When reading a book in translation, I often find myself wondering how true is the translation to the original? How does a translator convey those subtle and sometimes very particular cultural and linguistic nuances? How does an author feel about the translated version of his/her story? I asked an author that last question once, and he wittily replied that since he didn’t read x language at all, he really was quite pleased with the result.
So consider what would happen should a translator “go rogue.” In “Translator Translated,” perhaps my favorite of the novellas in Anita Desai’s The Artist of Disappearance (Houghton Mifflin Harcourt, 2011), we meet Prema, a hard working, underappreciated, college professor and expert in the regional Indian language Oriya. While attending an event at her alma mater, she runs into a former classmate, the glamorous, successful Tara, whom Prema has always admired. As the women begin to chat, they discover a mutual interest in literature: Tara has begun a new publishing venture, and brings Prema on as a translator.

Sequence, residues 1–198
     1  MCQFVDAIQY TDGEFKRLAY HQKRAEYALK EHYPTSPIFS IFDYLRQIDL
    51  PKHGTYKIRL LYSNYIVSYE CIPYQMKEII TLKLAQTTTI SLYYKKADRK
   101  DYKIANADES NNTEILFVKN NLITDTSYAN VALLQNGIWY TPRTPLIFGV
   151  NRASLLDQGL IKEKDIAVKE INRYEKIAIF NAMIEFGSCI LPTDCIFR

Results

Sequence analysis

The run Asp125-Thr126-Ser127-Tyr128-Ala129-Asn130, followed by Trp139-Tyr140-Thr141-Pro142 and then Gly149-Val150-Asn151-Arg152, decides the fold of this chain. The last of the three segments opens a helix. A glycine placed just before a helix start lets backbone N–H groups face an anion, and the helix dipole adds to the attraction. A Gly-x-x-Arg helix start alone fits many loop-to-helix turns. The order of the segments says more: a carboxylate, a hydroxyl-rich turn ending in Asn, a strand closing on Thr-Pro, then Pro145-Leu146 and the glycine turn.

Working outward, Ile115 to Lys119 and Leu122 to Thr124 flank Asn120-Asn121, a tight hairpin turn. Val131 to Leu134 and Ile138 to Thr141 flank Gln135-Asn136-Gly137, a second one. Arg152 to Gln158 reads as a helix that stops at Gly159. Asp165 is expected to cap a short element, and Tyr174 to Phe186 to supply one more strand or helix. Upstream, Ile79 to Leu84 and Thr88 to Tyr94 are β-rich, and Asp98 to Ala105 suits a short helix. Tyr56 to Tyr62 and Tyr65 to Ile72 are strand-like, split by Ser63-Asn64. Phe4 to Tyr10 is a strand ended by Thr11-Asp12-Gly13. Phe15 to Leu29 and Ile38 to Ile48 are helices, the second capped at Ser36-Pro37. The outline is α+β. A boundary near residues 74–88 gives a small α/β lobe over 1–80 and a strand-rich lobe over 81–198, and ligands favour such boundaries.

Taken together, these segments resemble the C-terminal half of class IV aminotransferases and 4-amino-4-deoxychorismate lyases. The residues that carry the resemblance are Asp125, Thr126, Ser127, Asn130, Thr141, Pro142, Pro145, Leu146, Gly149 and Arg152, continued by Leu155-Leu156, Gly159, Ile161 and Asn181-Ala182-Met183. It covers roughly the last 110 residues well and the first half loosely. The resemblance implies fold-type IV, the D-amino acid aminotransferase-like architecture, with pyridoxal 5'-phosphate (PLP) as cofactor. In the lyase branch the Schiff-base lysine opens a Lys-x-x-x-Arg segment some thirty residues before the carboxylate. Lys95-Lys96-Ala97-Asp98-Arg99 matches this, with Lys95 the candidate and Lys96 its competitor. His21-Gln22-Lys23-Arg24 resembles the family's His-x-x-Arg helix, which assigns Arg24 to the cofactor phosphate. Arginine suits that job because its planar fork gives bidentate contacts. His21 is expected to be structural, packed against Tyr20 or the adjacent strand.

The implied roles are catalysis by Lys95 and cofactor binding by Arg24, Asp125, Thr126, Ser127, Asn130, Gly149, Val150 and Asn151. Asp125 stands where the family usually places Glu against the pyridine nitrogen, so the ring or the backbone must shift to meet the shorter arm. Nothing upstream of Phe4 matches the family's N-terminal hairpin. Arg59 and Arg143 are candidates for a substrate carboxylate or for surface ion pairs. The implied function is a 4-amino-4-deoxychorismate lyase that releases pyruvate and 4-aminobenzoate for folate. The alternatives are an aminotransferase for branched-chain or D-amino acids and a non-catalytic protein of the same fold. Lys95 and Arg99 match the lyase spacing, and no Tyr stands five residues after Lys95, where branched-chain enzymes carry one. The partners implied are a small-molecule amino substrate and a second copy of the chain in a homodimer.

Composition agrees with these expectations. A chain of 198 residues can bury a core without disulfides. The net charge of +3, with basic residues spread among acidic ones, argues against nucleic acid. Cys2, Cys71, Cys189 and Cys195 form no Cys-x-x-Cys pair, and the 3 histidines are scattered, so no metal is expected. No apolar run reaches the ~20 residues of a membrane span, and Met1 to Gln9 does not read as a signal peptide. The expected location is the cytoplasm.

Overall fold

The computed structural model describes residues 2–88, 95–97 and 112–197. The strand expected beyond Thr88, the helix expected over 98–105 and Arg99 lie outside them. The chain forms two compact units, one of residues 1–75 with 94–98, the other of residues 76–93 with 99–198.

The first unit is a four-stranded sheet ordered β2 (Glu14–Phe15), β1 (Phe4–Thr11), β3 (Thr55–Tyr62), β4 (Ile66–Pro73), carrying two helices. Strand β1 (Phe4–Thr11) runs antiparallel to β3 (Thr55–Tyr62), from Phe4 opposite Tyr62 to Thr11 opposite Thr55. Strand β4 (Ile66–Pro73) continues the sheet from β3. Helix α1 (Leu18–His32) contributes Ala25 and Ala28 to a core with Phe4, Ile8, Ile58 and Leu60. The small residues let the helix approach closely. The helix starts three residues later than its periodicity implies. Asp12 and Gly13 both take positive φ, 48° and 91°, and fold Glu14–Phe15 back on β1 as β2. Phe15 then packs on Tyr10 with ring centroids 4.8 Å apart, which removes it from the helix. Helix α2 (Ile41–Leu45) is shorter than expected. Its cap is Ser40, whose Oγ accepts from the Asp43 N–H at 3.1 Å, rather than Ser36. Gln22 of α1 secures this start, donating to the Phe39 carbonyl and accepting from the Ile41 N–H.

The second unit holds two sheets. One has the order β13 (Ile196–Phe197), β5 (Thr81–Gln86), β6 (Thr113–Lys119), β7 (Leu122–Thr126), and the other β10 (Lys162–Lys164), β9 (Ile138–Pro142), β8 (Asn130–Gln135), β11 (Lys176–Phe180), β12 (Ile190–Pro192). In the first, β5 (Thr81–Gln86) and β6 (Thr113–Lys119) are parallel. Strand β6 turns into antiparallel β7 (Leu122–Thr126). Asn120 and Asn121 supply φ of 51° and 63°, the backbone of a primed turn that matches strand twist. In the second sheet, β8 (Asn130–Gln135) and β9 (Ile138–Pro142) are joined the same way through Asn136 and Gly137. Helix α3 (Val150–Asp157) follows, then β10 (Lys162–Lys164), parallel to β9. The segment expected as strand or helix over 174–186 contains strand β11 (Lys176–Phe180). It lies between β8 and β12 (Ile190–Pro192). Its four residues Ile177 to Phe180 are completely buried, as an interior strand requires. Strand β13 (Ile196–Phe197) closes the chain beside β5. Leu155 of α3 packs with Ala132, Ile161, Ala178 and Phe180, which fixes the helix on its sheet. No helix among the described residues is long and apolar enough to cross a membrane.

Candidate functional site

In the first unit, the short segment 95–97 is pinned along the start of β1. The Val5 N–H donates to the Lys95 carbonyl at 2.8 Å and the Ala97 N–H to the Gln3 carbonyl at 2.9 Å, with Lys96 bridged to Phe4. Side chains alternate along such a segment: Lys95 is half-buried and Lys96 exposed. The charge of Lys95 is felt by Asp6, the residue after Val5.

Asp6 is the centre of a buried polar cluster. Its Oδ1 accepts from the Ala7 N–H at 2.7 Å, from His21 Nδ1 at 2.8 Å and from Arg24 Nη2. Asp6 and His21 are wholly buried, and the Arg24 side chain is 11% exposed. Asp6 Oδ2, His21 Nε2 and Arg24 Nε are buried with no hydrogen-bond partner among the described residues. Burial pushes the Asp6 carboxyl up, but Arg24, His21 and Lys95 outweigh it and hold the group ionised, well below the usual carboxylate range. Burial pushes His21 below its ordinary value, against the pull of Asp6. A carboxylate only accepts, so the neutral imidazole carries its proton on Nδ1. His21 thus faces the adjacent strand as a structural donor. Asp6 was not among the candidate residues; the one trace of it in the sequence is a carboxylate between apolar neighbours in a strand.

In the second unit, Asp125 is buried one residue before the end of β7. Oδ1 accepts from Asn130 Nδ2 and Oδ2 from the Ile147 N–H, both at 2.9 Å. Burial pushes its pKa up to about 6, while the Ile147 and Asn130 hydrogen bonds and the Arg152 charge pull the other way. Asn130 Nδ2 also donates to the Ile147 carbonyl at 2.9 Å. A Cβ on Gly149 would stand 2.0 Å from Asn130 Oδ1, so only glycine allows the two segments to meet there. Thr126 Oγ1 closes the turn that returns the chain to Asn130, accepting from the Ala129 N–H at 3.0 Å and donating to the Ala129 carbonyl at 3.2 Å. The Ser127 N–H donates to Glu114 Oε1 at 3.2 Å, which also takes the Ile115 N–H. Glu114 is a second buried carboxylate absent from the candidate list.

Prema begins her work with the best of intentions, and with the publication of her first translation, finally experiences a hint of the professional and personal recognition she has desired for so long. With this boost to her ego, she goes on to the second project, but soon discovers she could substantially “improve” the storyline of the original work. She begins to rewrite the novel, and one can see how it can only unravel from there. The novella is a quiet, thoughtful contemplation not only of the process of translation and the role of the translator, but also of the fundamental human need to be seen and acknowledged.